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The Ehrbar Hall in Palais Ehrbar in Vienna's 4th district is more than just an insider tip among Vienna's concert halls. The term " gem" is more appropriate, despite its proud size able to accommodate 400 concert-goers.
It was built in the 19th century by the piano maker Friedrich Ehrbar, who was economically very successful as a purveyor to the imperial and royal courts. He supplied not only the Habsburg house, but also the Sultan of the Ottoman Empire, as well as the royal families in Greece, Serbia and Portugal. Unfortunately, entrepreneurial fortune was not forever on the side of the Ehrbar family and in the 1980s the last piano left the small factory in Mühlgasse. Even today, Friedrich Ehrbar instruments are still among the best-sounding grand pianos from the Viennese school.
In 1911, the Ehrbar Hall replaced an older, smaller room whose capacity had become too small, and the gallery was added, giving the hall its present layout. The architectural style and decoration followed the characteristics of the Italian High Renaissance and soon the hall became a musical center of the city due to its great acoustics. Around the beginning of the 20th century, the most popular musicians of the time performed there, traditionalists as well as representatives of the new era: Johannes Brahms, Anton Bruckner, Max Reger, Pietro Mascagni, Ignaz Brüll and many more. Gustav Mahler's "Das klagende Lied" was premiered there, as well as Arnold Schönberg presented the first part of his Gurre Lieder to the public in the Ehrbar Hall.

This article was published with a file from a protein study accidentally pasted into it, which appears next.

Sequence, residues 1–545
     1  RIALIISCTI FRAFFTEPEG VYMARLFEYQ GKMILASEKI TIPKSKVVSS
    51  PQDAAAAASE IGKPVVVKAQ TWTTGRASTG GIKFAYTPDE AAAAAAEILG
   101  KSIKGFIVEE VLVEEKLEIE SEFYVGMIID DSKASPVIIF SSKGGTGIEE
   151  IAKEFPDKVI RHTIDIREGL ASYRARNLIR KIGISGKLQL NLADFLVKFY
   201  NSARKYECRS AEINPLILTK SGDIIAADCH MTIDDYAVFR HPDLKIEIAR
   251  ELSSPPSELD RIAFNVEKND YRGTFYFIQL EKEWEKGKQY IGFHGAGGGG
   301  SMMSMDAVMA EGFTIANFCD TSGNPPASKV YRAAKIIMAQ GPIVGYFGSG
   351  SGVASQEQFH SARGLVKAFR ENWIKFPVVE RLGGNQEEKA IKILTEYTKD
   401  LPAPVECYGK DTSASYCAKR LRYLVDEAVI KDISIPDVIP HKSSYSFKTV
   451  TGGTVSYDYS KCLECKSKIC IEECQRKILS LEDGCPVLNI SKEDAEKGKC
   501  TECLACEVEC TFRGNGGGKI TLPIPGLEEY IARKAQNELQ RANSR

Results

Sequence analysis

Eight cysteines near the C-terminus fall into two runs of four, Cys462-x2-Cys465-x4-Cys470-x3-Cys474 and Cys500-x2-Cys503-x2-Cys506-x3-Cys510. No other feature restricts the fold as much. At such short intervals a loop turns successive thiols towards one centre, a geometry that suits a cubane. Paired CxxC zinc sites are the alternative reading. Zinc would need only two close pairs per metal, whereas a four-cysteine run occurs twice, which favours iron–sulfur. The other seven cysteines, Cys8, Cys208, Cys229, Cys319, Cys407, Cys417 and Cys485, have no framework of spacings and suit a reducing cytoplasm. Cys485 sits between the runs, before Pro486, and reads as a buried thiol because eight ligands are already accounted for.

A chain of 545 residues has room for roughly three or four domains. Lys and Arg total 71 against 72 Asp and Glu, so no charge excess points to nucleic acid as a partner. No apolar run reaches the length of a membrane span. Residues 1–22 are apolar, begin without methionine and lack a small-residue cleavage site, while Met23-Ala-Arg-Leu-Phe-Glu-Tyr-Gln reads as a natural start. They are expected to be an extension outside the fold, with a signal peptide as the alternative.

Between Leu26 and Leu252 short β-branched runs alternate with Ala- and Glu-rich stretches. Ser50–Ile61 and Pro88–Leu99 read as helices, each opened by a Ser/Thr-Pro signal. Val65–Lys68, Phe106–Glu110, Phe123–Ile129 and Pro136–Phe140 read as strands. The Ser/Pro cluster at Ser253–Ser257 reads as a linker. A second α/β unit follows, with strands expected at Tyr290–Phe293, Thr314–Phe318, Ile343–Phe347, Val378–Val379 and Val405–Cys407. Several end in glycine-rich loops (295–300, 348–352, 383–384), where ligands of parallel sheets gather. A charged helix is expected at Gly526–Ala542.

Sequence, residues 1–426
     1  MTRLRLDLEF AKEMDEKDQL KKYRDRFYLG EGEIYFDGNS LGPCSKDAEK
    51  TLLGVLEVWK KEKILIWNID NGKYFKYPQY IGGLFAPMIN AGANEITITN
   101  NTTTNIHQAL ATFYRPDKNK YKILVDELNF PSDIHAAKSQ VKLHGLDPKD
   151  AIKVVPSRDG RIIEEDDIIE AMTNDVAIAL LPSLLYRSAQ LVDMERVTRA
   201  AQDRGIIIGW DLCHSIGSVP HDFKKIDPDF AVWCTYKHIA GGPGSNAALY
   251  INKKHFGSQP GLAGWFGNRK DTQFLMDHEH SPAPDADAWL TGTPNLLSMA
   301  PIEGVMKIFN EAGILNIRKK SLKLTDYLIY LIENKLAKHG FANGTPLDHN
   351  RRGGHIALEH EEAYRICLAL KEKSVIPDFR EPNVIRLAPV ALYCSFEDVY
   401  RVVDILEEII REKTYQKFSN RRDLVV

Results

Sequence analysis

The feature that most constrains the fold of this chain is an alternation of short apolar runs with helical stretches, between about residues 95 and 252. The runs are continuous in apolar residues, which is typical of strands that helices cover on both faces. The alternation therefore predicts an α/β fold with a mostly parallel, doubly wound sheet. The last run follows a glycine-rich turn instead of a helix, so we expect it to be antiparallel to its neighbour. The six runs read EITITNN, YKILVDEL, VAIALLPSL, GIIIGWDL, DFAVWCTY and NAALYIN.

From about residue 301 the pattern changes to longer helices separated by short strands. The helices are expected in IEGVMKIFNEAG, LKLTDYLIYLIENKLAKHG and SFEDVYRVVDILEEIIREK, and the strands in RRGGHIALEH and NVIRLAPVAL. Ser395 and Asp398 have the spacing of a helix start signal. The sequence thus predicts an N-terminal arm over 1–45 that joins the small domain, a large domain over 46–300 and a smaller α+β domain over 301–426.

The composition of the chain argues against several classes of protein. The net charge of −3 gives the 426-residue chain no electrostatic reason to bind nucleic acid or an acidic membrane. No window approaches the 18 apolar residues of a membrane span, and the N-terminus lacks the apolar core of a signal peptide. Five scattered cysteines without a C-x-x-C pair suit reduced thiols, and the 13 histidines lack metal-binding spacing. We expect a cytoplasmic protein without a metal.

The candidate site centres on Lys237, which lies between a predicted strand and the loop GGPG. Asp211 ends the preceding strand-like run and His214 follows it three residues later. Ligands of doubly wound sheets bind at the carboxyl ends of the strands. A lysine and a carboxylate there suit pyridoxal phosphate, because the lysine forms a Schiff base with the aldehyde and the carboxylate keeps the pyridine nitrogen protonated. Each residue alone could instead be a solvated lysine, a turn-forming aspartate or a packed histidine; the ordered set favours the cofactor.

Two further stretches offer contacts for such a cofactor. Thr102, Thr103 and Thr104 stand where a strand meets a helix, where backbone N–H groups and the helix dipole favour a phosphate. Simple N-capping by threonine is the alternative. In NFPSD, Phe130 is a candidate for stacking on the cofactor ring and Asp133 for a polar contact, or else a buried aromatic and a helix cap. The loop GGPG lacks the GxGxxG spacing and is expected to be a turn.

The Ehrbar Hall was for a long time the home of the Prayner Conservatory, a renowned music school that was privately owned and had its headquarters in the Ehrbar Palace. In addition to the Ehrbar Hall, there were classrooms, a small concert hall, a ballet hall, a rehearsal stage and two theory halls. Unfortunately, due to lack of tuition fees, as a result of the corona pandemic, the conservatory went bankrupt in the summer of 2020 and was closed. This, however, does not affect the further use and events of the Ehrbar Hall, which is steeped in history and protected as a historic monument. Internationally renowned artists of classical music will continue to perform there in this concert hall created for this purpose.